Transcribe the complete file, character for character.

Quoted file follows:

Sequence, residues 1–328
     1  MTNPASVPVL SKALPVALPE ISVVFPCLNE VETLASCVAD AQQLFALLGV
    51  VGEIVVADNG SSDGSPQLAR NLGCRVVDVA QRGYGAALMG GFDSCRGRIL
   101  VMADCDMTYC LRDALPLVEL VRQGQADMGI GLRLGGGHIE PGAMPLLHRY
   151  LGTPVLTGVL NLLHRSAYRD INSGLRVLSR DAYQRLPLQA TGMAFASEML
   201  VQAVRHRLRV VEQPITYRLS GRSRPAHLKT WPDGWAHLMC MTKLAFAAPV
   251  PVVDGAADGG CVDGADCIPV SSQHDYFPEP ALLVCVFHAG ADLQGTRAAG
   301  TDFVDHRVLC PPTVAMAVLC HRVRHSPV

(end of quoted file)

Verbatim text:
Sequence, residues 1–328
     1  MTNPASVPVL SKALPVALPE ISVVFPCLNE VETLASCVAD AQQLFALLGV
    51  VGEIVVADNG SSDGSPQLAR NLGCRVVDVA QRGYGAALMG GFDSCRGRIL
   101  VMADCDMTYC LRDALPLVEL VRQGQADMGI GLRLGGGHIE PGAMPLLHRY
   151  LGTPVLTGVL NLLHRSAYRD INSGLRVLSR DAYQRLPLQA TGMAFASEML
   201  VQAVRHRLRV VEQPITYRLS GRSRPAHLKT WPDGWAHLMC MTKLAFAAPV
   251  PVVDGAADGG CVDGADCIPV SSQHDYFPEP ALLVCVFHAG ADLQGTRAAG
   301  TDFVDHRVLC PPTVAMAVLC HRVRHSPV